Bringing the Bard to Campus
Published: Friday, October 11, 2013
Updated: Wednesday, October 9, 2013 22:10
When director Kathleen Joyce (COL ’15) cut herself shaving with an old razor, she was inspired to create her show. As the cut became infected, it appeared more and more gruesome.
“It kind of looked like a gunshot wound,” she said. “I had my hair and makeup people take a picture of it so they can replicate it on some of the people in the show. I guess there are some method actors, and I am a method director.”
Joyce’s devotion to her production of Tom Stoppard’s “Rosencrantz and Gildenstern are Dead” is certainly impressive. However, the junior is just one of dozens of Georgetown students dedicated to performing works inspired by Shakespeare on campus this fall. Nomadic Theater’s production of “Rosencrantz,” an absurdist comedy based on Shakespeare’s classic tragedy, will open Oct. 24. The theater department’s production of “Hamlet” will debut on Nov. 7. Both shows have set themselves a challenging, yet rewarding, task: updating Shakespeare’s stories to appeal to students in the 21st century.
“Hamlet” director, professor Derek Goldman, thinks the task is far from insurmountable. In fact, he believes that the themes are wholly applicable to the life of the college student today.
“My interest in doing ‘Hamlet’ here at Georgetown was rooted in the deep sense that the play is about students and would connect explicitly to student experience,” he said.
Student producer Hannah Hauer-King (COL ’14) agreed.
“While, say, the ‘to be or not to be’ speech is so stigmatized now, it’s really just a speech about someone struggling with adolescent teenage suicide and disillusionment with their family,” she said. “These themes really transcend time.”
Many of the actors in the play have already begun to identify Hamlet’s challenges.
“Hamlet is a college-age student,” actor Josh Street (COL ’15) said. “At a school like Georgetown, we get so many pressures. We can really relate to the pressures on Hamlet and what he is going through. It’s actually amazing that we stay so sane.”
Those working on “Rosencrantz” have had a similar experience.
“This show is really about looking about your place in the universe,” Joyce said. “Anyone, particularly a college student, can identify with that.”
Still, the theater department wanted to approach the age-old story with a fresh perspective to make it even more relatable. Its production of “Hamlet” emphasizes the parallels between Hamlet’s isolation and the isolation of the modern person in the 21st century. “We’re using a lot of devices and ideas around social networking,” Goldman said. “Hamlet is fighting for a very strong connection with the real.”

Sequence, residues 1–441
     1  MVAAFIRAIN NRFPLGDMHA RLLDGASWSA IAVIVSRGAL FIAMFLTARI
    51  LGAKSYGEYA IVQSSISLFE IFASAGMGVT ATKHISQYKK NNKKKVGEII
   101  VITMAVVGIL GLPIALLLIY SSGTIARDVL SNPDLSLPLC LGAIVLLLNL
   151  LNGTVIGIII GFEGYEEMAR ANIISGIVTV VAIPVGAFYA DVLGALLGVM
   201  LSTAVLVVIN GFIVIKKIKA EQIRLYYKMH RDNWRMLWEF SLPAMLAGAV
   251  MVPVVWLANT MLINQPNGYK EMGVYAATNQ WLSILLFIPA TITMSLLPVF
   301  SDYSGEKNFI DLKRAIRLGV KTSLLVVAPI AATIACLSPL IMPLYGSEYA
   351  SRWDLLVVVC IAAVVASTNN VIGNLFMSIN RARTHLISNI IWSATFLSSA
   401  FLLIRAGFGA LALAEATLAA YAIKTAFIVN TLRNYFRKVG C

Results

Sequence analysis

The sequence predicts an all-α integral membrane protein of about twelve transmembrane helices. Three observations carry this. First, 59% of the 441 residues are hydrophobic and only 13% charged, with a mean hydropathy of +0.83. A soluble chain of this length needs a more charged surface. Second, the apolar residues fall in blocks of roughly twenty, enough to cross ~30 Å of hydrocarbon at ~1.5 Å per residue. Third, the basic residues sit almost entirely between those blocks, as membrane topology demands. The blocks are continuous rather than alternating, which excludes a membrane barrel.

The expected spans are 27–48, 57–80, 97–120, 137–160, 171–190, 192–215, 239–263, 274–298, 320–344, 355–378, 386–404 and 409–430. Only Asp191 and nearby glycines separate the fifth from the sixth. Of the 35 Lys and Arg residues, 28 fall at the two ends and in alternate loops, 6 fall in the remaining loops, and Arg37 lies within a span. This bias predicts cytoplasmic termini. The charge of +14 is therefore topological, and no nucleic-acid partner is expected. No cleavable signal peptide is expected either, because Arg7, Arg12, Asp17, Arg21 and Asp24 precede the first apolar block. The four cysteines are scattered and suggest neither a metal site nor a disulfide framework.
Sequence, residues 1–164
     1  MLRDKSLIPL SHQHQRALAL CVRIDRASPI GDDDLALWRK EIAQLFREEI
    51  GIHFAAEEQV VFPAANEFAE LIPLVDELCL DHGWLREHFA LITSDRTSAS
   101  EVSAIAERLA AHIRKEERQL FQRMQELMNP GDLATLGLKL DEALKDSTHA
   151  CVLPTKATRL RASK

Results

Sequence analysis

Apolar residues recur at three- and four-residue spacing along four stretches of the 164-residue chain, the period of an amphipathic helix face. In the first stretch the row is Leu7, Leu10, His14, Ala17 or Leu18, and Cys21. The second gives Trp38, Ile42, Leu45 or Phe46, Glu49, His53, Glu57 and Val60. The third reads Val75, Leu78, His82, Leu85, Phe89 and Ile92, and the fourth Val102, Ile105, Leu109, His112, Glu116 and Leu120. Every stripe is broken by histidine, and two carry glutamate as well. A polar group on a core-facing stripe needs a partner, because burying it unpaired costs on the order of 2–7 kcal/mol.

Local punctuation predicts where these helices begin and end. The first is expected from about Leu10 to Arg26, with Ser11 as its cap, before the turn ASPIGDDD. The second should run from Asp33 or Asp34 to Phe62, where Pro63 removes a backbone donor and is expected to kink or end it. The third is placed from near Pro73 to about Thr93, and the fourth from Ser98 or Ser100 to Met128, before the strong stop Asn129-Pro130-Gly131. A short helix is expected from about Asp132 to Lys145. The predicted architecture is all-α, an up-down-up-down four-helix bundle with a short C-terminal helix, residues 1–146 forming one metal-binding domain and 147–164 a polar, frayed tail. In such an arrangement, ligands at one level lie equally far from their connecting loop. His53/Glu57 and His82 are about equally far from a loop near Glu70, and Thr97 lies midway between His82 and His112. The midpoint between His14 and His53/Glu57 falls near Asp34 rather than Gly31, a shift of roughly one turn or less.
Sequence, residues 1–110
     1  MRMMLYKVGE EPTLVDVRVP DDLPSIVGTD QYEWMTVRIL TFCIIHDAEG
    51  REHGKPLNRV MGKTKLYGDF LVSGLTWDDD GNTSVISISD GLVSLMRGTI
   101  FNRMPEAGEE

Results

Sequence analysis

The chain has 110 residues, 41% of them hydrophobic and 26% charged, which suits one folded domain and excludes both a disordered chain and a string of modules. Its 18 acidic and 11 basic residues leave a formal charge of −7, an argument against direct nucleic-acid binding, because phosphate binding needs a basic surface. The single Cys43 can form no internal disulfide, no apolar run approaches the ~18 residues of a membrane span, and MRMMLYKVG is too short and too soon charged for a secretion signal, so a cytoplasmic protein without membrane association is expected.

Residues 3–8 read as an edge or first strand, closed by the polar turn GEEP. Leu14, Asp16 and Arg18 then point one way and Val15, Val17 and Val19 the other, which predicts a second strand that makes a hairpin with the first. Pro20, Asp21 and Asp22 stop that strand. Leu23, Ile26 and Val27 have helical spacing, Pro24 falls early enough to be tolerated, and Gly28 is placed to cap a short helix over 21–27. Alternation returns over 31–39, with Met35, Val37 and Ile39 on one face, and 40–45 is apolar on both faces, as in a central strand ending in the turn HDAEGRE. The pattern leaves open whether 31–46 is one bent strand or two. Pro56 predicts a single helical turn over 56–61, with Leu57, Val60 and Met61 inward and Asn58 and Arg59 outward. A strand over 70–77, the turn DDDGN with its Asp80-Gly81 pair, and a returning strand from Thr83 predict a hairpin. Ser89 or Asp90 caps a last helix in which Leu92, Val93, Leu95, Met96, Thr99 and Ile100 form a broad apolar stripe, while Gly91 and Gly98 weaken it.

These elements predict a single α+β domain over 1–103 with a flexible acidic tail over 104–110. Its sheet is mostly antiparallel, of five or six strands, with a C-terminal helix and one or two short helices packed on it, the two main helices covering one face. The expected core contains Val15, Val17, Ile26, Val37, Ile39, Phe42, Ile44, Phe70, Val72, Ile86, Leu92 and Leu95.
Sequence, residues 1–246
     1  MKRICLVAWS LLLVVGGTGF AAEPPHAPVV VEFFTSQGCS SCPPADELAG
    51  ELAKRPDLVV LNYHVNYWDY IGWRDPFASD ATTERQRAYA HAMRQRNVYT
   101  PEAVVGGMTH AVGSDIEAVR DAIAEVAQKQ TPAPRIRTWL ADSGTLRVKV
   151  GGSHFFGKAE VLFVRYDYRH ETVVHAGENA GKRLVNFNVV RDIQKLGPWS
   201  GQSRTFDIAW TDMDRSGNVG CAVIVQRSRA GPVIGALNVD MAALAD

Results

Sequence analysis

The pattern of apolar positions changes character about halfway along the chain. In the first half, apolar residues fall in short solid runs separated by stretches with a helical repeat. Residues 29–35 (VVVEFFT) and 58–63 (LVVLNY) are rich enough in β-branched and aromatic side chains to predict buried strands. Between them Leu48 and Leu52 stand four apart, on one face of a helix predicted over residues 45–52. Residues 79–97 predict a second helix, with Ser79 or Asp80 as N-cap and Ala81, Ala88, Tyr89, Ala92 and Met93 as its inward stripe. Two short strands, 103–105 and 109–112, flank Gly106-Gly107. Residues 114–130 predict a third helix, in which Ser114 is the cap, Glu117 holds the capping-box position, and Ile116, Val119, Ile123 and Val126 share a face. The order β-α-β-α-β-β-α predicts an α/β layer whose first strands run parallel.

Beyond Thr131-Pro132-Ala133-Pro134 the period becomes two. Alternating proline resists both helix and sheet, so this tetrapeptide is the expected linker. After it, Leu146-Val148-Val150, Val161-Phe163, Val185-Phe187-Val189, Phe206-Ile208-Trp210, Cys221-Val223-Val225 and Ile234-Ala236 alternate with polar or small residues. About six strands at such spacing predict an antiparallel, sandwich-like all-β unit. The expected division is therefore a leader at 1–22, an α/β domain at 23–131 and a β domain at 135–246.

In the age of iPhones and laptops, Goldman thinks students will empathize with the constant battle against distraction. Viewers may actually discover more about their role in modern society by watching a play that is hundreds of years old.
“We are using pretty advanced technology to make a commentary about how engrossed we all are in devices and how alienating it can feel in a world of these devices” Hauer-King said.
Joyce was more cautious about creating a radical interpretation of “Rosencrantz.”
“The play already deals with many existential issues,” she said “It is complicated on too many levels already.” Still, she wanted to give the work her own spin. For example, she transformed the travelling acting troupe in the play into a not-fully-human circus of demented performers, some of whom will bear the aforementioned wound. She thinks these few changes will enhance the play while still staying consistent with Stoppard’s original absurdist intentions.
While it might seem redundant or strange to have two very similar productions open in the same theater in the same month, the choice was actually intentional. “When I heard that Professor Goldman was doing ‘Hamlet’ I thought [‘Rosencrantz’] would be a great accompaniment,” Joyce said. “I think the two plays complement each other.”
Joyce was in one of Goldman’s classes last year and they agreed to promote the two shows together to try to attract audiences to both.
Joyce believes audiences can experience the comparable issues in both plays without having to force a direct connection. “The audience will be able to appreciate the common themes in both shows,” she said.
Goldman is also excited about the timing of the two plays. “[‘Rosencrantz’] is so often regarded as an offshoot of ‘Hamlet,’” he said. “But because it is showing first, it will be able to shine in its own light.”